Documentary Releases: The Book of Harth (2022) - Reviewed

Images courtesy of MVD Visual

Twenty years ago sometime in 1997, New York City based performance artist David Greg Harth working through several various forms of media went to see a U2 concert and like many others in attendance there were fans eager to snag some kind of autograph from the musicians.  In the heat of the moment, all Harth had on hand was a copy of the Holy Bible for the band to sign.  From that moment began an unusual art project where for the next two decades Harth who is neither religious nor into celebrities would go around seeking signatures in his copy of the Bible from various famous people from around the globe.  Following his strange artistic quest is filmmaker Pierre Guillet who in his one-hour short documentary film The Book of Harth tries to make sense of this most unusual intersection of art, religion and celebrity culture which the artist himself doesn’t fully understand.

Featuring interviews with everyone from Kevin Smith to John Waters, Noam Chomsky to Paul Schrader who all offer their own thoughts on the project in between extended interviews with friends and family members who don’t know what to make of their son’s endless artistic opus, The Book of Harth for its creator is an entirely impersonal object where the signing of the book itself is an act of creation.  Everyone from musicians, painters, actors, authors, pioneers, and politicians are potentially for inclusion in the book while in some cases security guards fend off fans or try and interfere with the filmmakers in some fashion.  Tricky business comprised of long hours of standing alone outside of venues where celebrities come out with more than a few snubs not paying off, the question for many becomes whether or not the artistic creation is worth all of the personal sacrifices its creator keeps making, foregoing relationships or travel or livelihood in his ongoing pursuit of undefinable artistic expression.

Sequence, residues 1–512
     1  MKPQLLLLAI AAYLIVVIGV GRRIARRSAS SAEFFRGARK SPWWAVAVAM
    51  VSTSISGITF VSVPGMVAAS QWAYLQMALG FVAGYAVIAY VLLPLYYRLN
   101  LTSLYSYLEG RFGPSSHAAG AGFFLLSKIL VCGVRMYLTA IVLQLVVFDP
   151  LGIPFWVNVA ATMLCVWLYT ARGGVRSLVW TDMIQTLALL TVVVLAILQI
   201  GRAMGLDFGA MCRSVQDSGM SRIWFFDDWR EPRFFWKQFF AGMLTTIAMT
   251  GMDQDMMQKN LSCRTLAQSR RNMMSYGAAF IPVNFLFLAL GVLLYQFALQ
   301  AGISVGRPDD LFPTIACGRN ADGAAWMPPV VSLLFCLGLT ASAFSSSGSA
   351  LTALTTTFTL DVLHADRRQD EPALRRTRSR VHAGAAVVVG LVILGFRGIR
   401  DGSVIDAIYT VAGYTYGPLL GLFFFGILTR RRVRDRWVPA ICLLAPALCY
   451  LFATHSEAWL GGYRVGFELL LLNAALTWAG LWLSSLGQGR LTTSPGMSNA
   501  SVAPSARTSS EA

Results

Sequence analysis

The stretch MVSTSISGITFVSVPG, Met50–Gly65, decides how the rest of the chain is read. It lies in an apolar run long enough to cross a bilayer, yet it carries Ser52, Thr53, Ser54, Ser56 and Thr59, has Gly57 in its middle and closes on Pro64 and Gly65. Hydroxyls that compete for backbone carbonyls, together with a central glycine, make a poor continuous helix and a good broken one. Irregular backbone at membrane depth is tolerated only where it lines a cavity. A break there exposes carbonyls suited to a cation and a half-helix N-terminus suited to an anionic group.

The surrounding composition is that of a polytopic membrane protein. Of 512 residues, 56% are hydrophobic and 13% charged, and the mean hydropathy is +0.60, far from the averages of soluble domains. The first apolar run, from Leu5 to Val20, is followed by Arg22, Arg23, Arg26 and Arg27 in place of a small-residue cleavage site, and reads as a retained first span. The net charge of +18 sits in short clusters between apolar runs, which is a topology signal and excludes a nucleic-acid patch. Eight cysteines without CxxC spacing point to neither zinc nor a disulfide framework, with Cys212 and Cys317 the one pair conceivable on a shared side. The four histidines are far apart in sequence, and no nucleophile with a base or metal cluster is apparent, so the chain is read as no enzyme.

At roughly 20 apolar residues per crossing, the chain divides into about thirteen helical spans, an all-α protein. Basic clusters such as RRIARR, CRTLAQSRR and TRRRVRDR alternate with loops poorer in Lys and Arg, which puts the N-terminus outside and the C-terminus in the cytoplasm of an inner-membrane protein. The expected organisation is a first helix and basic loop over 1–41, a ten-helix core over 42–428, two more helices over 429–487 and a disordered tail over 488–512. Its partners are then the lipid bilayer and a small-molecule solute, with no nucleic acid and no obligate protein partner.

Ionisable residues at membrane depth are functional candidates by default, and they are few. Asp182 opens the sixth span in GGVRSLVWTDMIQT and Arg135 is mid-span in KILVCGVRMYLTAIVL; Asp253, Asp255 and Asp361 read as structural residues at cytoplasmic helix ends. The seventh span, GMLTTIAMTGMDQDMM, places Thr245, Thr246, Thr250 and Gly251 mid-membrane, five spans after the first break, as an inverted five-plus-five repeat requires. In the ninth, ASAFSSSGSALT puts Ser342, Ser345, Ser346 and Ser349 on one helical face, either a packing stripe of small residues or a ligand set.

Visually speaking Pierre Guillet handles his digital camera gracefully though some scenes are interspersed with preexisting scenes from earlier videography shoots and the score and sound mixing by Sami El-Enany does a good job of conveying a somber melancholy demeanor which feels for David Greg Harth’s free admission of forfeiting human relationships in favor this project not even the artist himself fully comprehends.  But at the same time it recognizes there’s no stopping the artist from his seemingly endless project which at times the artist himself refers to as a form of forced human interaction.  Whereas before he was socially withdrawn and awkward (still mostly so), the project itself pushed the man into the frontline of celebrity fan worship though there are more than a few sighs of exhaustion from Harth just wanting it to be done and over with.

Released on DVD by MVD Visual with a director commentary and a few extra scenes that didn’t make the cut, The Book of Harth is an interesting if not eccentric short documentary film whose strange peculiarities are counterbalanced by the filmmaker’s own insights and the various interviews waxing intellectual on the project itself.  For some who are not on the side of art, it is easy to write off Harth’s efforts as crazy or pretentious bullshit.  But at the same time, there’s an earnestness in his endeavor missing from other more stuck-up painters or artistic visionaries.  While in theory you could read the Holy Bible project as Dadaist, Harth’s intentions albeit nebulous remain sincere.  Though Harth himself isn’t sure of himself or the significance of his project if there is any, you still have to admire the human drive to go against the social grain to try and do something no one has seen or thought of before.

--Andrew Kotwicki